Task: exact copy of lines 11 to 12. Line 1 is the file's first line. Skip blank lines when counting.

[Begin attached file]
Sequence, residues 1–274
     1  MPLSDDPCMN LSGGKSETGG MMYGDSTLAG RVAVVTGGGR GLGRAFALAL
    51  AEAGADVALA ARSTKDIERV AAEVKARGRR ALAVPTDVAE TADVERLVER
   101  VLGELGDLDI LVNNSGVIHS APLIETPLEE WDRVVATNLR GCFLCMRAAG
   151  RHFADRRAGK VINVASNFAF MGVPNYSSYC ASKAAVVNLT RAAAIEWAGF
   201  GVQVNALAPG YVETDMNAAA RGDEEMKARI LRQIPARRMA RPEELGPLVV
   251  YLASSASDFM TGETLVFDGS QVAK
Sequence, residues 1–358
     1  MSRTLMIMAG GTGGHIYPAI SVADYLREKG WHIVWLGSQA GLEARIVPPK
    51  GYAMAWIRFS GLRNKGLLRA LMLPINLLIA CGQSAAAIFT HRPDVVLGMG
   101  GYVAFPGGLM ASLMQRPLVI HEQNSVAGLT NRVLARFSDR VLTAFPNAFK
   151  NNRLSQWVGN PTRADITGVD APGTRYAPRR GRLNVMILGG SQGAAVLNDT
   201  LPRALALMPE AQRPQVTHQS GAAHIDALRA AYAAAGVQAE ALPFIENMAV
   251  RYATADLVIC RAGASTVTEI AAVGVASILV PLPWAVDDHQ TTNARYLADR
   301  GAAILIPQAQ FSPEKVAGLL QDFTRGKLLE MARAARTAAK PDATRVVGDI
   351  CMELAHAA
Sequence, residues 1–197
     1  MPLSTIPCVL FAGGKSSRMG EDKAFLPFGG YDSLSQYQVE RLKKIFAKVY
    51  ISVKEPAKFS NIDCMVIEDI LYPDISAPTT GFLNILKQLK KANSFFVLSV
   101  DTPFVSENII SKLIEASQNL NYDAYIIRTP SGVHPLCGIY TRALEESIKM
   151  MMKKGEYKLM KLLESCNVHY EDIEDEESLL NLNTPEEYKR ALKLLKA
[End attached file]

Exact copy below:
   101  GYVAFPGGLM ASLMQRPLVI HEQNSVAGLT NRVLARFSDR VLTAFPNAFK
   151  NNRLSQWVGN PTRADITGVD APGTRYAPRR GRLNVMILGG SQGAAVLNDT